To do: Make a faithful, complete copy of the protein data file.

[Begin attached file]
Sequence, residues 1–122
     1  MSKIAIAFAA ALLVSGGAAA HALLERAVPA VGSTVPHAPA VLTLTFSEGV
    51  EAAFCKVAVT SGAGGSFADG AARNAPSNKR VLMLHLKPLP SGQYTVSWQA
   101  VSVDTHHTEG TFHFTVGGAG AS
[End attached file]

Sequence, residues 1–122
     1  MSKIAIAFAA ALLVSGGAAA HALLERAVPA VGSTVPHAPA VLTLTFSEGV
    51  EAAFCKVAVT SGAGGSFADG AARNAPSNKR VLMLHLKPLP SGQYTVSWQA
   101  VSVDTHHTEG TFHFTVGGAG AS